At least once each semester we like to dedicate our CSF meeting to questions and answers, or at least some attempt at answers, about faith, religion and the like. Sometimes we make this just a regular weekly CSF gathering and thus get most of the normal crowd, other times we advertise and recruit and double our numbers with new students and visitors. During such nights those of us giving the responses can generally expect which questions we will get. Nearly every time someone will ask about world religions: If Christianity is true, what about other religions? What about people of other religions who never heard about Jesus? How does Jesus compare to other religious figures throughout history?
In personal conversations with students, both those dedicated to Christ and those who are not, the same questions come up. People are interested in other religions. College may be the first time they meet people of other faiths. They may be taking a religious studies class and learning about other religions. Or they may have had such questions for a long time but never received an answer from parents or pastors back home..
As they encounter such new worldviews they may go through an internal dialogue with themselves. On one hand, they have been taught their whole lives that Jesus is the only way to God. On the other hand, their friends of other religions are decent people, are they just going to miss out and go to hell because they were raised outside the Christian faith?
Ironically, many of these questions came up last evening in the small group my wife and I are a part of. That shows these are not just questions college students are asking.
All of this came to mind as I thought over Christian Smith and Patricia Snell’s description of the cultural world of emerging adults in their book Souls in Transition. Many descriptions were of a stark individualism, live and let live, everyone has their own truth and who am I to say someone else is wrong.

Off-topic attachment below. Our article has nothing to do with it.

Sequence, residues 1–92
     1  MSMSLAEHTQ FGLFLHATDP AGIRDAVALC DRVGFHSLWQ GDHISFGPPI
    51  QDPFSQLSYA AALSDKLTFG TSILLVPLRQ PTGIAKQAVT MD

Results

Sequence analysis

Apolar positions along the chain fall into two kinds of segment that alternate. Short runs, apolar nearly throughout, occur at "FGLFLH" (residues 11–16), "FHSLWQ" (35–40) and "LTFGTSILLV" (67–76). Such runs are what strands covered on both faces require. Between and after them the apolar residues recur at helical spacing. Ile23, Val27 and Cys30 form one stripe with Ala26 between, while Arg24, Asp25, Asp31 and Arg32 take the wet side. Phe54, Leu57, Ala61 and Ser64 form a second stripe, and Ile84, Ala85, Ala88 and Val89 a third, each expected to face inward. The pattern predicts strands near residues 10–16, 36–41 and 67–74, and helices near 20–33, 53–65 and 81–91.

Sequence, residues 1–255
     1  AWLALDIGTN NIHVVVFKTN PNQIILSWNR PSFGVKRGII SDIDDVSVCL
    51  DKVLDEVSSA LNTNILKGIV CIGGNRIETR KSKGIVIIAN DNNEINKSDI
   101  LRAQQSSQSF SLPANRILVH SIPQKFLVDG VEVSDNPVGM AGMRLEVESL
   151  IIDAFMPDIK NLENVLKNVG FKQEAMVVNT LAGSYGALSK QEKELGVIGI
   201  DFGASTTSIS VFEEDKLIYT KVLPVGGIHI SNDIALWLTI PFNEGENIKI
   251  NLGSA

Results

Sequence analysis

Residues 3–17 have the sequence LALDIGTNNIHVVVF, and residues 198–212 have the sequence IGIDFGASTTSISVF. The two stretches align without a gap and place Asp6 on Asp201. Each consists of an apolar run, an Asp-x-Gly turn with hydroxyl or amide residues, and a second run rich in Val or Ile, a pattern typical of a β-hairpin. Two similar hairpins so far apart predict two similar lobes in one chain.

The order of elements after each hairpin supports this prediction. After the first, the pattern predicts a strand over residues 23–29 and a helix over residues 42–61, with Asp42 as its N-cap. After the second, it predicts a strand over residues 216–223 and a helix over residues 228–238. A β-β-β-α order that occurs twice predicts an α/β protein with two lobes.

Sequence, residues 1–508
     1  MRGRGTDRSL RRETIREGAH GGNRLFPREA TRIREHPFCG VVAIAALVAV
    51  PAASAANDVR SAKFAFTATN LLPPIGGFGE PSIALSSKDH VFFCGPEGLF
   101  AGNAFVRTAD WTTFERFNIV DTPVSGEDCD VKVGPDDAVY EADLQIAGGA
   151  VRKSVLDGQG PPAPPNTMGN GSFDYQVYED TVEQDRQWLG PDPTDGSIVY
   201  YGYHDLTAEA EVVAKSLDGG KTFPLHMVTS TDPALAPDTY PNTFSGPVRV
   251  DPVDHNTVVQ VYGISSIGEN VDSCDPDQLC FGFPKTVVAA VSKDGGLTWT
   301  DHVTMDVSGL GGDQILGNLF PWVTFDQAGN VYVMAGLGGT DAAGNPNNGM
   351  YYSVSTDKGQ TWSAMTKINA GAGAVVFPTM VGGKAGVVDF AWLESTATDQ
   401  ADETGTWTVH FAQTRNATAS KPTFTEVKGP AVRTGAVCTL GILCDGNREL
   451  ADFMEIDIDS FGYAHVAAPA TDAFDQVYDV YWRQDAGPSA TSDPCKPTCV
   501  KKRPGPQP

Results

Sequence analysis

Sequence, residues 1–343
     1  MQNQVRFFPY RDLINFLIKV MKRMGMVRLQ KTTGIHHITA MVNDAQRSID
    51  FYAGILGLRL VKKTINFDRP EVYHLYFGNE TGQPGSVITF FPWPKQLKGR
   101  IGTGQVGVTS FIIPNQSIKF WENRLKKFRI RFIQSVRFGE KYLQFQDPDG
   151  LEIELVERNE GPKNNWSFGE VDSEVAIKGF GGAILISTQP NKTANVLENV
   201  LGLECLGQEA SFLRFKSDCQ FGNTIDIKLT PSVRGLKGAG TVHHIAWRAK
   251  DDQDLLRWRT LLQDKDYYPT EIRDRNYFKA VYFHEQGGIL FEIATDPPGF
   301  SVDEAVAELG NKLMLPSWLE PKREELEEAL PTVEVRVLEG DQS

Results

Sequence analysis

Over and over again Smith and Snell found that for emerging adults “it’s up to the individual” (49). They write that “according to emerging adults, the absolute authority for every person’s beliefs or actions is his or her own sovereign self. Anybody can literally think or do whatever he or she wants” (49). Individualism for emerging adults results in them recognizing that everybody’s different. Smith and Snell noted that often in answering questions the interviewees would say, “well, everybody’s different, but for me…” (48).
Smith and Snell argue that this is not just typical American individualism but instead “is individualism on heavy doses of multiculturalism and pumped up on steroids of the postmodern insistence on disjuncture, differance, and differences going ‘all the way down’” (48). Getting a bit philosophical, emerging adults find it hard to see an objective reality beyond their own selves:
They seem to presuppose that they are simply imprisoned in their own subjective selves, limited to their biased interpretations of their own sense perceptions, unable to know the real truth of anything beyond themselves. They are de facto doubtful that an identifiable, objective, shared reality might exist across and around all people that can serve as a reliable reference point for rational deliberation and argument (45).